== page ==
The recent case of Barnard v Zarbafi  EWHC 3256 (Ch) sheds further light on one aspect of sale deposit claims.
The general rule is that a contractual provision for a penalty is unenforceable. An established exception lies in contracts for the sale of land, where the deposit is the consideration ("earnest") for the performance. The exception normally applies only to a deposit of up to 10%. In Workers Trust & Merchant Bank Ltd v Dojap Investments  A.C. 573, the conventional deposit in Jamaica was 10%, recognised as an enforceable exception to the penalty rule; but there was also an established practice of 25% deposits in certain auction sales. The buyer failed to complete. The Jamaican Court of Appeal held the 25% deposit was an unenforceable penalty and ordered the repayment of the excess above 10%. The Privy Council confirmed the unenforceability, but held that the whole deposit was repayable. It ruled that a vendor seeking to obtain a greater sum than 10% as a forfeitable deposit had to establish special circumstances justifying it.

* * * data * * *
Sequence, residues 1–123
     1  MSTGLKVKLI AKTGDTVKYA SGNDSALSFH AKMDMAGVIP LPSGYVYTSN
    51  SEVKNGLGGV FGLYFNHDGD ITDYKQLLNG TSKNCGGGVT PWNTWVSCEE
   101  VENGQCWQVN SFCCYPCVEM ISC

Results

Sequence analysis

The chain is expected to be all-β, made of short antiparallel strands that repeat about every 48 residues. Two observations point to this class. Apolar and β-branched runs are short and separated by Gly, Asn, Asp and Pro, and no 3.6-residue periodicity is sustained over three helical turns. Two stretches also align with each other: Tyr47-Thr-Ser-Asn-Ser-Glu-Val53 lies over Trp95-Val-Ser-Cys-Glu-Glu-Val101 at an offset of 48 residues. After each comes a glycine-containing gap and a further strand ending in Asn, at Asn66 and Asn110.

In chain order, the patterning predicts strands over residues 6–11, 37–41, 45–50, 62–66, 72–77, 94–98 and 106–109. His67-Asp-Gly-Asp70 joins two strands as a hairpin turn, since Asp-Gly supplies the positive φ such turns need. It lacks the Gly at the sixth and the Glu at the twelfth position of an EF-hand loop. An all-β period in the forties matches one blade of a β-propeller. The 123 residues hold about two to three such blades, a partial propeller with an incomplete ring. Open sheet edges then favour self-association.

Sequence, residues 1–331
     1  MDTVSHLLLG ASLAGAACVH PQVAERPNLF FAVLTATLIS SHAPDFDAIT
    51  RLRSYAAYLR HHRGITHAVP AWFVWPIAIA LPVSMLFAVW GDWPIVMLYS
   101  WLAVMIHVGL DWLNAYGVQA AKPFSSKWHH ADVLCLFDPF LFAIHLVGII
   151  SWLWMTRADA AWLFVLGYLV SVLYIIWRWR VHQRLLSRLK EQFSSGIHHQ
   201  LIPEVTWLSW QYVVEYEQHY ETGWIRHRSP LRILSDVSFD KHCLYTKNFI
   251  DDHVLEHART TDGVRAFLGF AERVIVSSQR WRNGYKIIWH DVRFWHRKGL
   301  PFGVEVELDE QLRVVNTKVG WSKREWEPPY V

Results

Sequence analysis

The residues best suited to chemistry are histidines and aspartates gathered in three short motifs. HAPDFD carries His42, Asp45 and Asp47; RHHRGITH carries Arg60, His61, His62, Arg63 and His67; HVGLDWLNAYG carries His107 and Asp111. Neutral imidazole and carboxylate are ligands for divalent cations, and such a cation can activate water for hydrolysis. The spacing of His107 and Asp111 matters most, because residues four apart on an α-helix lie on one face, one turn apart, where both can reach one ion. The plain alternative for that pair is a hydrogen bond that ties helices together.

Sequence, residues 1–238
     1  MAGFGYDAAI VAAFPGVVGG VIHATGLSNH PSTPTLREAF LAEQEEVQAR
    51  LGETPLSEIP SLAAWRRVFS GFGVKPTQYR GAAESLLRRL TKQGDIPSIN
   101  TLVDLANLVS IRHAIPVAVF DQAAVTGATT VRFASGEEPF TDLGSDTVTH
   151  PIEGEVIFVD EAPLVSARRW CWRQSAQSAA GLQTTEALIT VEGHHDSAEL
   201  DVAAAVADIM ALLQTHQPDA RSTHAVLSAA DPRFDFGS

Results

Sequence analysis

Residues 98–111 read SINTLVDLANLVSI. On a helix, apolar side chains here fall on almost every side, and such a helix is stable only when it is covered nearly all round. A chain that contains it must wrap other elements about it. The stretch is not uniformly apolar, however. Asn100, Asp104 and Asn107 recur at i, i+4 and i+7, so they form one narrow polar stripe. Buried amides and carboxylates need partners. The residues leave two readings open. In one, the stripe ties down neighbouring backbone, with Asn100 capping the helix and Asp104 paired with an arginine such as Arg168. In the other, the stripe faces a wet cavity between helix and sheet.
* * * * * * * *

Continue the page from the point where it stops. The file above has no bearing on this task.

Special circumstances were shown in Barnard v Zarbafi (above), where an initial deposit of 5% was increased by a supplemental agreement in stages to 15% when the buyer was unable to meet the completion date. The Court held that the vendor had shown special circumstances that made the 15% deposit reasonable, including the staged increases, and the length of the time extension provided in difficult market conditions.
The cases show (1) that any initial deposit above 10% is almost certain to be unenforceable and therefore repayable in full, and (2) that any increase by subsequent agreement to over 10% will need careful consideration as to whether it can be justified by special circumstances to be a reasonable deposit. In the case of any deposit, the court has a discretion to order whole or partial repayment under s.49(2) of the Law of Property Act 1925 where there is something special or exceptional to justify overriding the ordinary contractual expectations of the parties: Midill (97PL) Ltd v Park Lane Estates Ltd (2009) 1 WLR 2460.
Mark West / 2nd May 2011
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